"So I have to admit," Sandra said with the smell of a cigar in her nose. "This isn't quite the venue I was expecting."
"I know, it's unorthodox," Roni, the bride-to-be, said. "But I've always had a soft spot for this place."
The place was an establishment called Bill's Billiards, just a few blocks away from the Interstate, right off Castille Street. Sandra didn't come to this part of town very often—certainly not in a long time. The residents here weren't exactly her usual clientele, which tended to have an extra digit or two in their salary. Roni herself lived in Verdure Heights—not the wealthiest, but definitely in the upper part of the middle. Sandra had planned wedding receptions at billiard clubs before, but those were usually not the types frequented by bikers, nor the types that had smoke hanging in the air at all times. Not to mention, Roni didn't just want the reception here—she wanted the wedding.
It was 3 PM on a Tuesday, and there were only three other people at the bar. One sat just a few seats down from Sandra. He had smoked three cigarettes since she and Roni arrived. All of his attention was on the Tennessee/Alabama game on the flatscreen behind the bar. The other two patrons were a couple of unshaven gentlemen playing 8-Ball at one of the tables.
"I'm just not sure this is really the type of place that would normally host a wedding," Sandra said. She sipped her Fat Tire, then waved at the bartender. "Excuse me, sir? Is it possible to reserve this place for special events?" She had to shout over the Thin Lizzy playing on the jukebox.
He shrugged. "Don't think we ever have. You have to ask Bill."
"Oh. You're not Bill?"
"Nope, I'm Rocky."
Roni chuckled at something, maybe an old joke she'd just remembered.
"Okay, Rocky," Sandra said. "My friend here's getting married, and it turns out she wants to have the wedding here."
"Oh, hey, Roni," Rocky said. "I saw the post on Instagram. Congratulations. But… the wedding? Here?"
"I always said I wanted my big day to be unique," Roni said.
"I mean, it's your wedding. I just don't know that Bill would care much for the idea. I could see maybe the reception, or the bachelorette party. You do realize we don't allow kids in here, right?"
The Thin Lizzy song ended, and an Iron Maiden song replaced it.
"That's what I was wondering," Sandra said. "Roni, I'm not sure how people are going to feel about an adults-only wedding. I've never been to one."
"I didn't say I wanted it in here," Roni said. "You know that empty lot behind the place? We can set up back there, Bill's can provide some food, and if anyone wants to, they can come in here for some pool."
"Okay, so that makes a little more sense. Unorthodox, but I guess if you're comfortable with this place…"
"I am. I've been coming here since college. Bill's has always been great to me. And besides, I just cannot wait to see the looks on Mommy and Daddy's faces when they figure out where they are."
"Troll weddings. I don't get a lot of those." Sandra had seen pictures of Mommy and Daddy—the kinds of people who owned more than one car, and paid someone else to drive them. "Rocky, any chance we can work something out?"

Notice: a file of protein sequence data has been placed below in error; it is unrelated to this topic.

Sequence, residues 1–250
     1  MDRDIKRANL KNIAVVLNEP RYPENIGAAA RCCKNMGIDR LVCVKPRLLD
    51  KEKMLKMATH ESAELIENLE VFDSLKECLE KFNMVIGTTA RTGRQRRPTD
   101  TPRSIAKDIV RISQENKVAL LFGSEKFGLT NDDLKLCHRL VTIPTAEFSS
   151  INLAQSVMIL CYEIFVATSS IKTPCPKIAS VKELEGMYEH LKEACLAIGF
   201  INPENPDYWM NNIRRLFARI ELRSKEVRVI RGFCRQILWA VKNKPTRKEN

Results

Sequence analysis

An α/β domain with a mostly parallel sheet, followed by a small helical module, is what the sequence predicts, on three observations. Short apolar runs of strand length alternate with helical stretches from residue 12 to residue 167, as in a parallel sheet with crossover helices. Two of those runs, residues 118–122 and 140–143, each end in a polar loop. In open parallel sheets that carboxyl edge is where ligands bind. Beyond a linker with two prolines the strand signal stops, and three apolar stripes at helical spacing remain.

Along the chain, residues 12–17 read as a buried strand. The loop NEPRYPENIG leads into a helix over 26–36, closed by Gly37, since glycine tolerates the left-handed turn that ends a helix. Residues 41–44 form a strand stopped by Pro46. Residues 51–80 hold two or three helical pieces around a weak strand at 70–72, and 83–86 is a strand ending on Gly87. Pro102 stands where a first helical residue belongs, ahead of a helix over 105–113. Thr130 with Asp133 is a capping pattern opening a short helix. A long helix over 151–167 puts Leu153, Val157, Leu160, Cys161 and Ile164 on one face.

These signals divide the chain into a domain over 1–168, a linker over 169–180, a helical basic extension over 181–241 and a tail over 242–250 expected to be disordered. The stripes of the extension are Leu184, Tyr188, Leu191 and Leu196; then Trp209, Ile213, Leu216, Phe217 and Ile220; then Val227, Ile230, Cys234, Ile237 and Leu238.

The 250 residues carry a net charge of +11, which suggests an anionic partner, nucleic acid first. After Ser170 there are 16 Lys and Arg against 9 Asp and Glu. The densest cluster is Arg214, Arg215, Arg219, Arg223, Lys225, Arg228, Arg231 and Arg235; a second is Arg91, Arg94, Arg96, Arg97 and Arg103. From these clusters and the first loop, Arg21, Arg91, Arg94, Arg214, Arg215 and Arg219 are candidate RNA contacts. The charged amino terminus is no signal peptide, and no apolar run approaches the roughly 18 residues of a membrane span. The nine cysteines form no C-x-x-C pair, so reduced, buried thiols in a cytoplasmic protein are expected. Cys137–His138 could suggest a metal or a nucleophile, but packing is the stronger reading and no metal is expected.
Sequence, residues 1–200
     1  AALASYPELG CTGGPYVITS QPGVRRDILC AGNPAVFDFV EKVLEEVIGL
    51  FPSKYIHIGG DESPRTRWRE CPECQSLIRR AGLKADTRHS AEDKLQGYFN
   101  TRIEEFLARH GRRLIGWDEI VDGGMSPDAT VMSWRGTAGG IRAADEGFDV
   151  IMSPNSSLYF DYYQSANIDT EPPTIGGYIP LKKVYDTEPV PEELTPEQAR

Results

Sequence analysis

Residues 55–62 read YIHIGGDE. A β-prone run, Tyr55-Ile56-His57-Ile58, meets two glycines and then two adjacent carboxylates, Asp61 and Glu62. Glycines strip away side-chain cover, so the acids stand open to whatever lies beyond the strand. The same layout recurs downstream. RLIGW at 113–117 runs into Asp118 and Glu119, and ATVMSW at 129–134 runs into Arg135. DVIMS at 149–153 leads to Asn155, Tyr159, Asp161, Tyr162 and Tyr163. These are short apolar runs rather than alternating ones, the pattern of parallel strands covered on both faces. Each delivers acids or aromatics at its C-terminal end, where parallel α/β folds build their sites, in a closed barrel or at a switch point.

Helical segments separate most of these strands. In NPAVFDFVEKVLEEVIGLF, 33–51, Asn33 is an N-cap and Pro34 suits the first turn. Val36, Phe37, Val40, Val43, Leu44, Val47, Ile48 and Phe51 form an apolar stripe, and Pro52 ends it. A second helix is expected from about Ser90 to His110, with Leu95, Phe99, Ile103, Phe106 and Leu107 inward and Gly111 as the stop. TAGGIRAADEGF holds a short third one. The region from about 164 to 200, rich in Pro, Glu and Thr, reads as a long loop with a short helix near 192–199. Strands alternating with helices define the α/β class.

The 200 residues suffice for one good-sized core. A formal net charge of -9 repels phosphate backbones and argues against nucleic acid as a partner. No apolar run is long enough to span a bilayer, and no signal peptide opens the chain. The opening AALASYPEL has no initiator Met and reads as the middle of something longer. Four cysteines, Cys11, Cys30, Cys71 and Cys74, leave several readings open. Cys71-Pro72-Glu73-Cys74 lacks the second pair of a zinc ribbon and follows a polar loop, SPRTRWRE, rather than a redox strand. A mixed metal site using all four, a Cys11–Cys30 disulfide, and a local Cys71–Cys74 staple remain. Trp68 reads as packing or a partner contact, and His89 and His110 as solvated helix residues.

"You'd have to ask Bill." Rocky looked toward the back of the building. "Don't think we've ever done catering. Speaking of which, you ready to order?"
"We'll both have the pancakes," Roni said.
"Wait, I'm not done looking," Sandra said.
"They're the best damn pancakes in town. Trust me, when you taste them, you'll want to have your wedding here, too."
"But this place isn't even open in the morning."
"No," Rocky said, "but we do get enough night owls who feel like breakfast when they show up here. And she's right, they are good." Rocky scribbled down the order. "You'll still need to talk to Bill, though. I'm really not sure he'd go along with the wedding."
"I don't mind calling him," Sandra said. "In fact, I'm actually very interested in speaking with him. You see, my full name is Sandra Underhill."
Rocky whipped his head up and stared at her. "Underhill?"
"Am I supposed to know who that is?" Roni said.
"I'm surprised you don't, if you're a regular here," Sandra said. "Chester Underhill was my grandfather. He built this place."
"Chester's your grandfather?" Rocky said. "My God, he's a legend! Whatever happened to him?"
"Currently in Florida. Still has his old hog. My dad was even a bartender here, before the place got sold. I'm glad to see something's happening with it."
"I had no idea," Rocky said.
"I had no idea," Roni said.
"I had no idea," the cigarette-smoking man said as he moved down to a closer stool. "I used to come here back when your pop was tending bar."
"So you think Bill might be willing to make an arrangement?" Sandra asked Rocky.
It was the smoking man who answered. "I think he might." The jukebox switched from Iron Maiden to Jethro Tull. "Bill McKenzie, at your service."
"I was wondering how long you were gonna take to say something," Roni said.
"Ah. Well, then, Mr. McKenzie," Sandra said, "if we can get the lot out back on March 15, and some light catering—I guess we'll want burgers, fries, wings, and those pancakes Roni was talking about—I'm pretty sure you'll be well compensated."
"We will spare no expense," Roni said.
"I think we can handle that," Bill said. "Rocky, their next drinks are on me. Tell Chester I said hi."
Sandra swallowed some more beer. "I just hope those pancakes are as good as Roni said. I'm going to want plenty of syrup."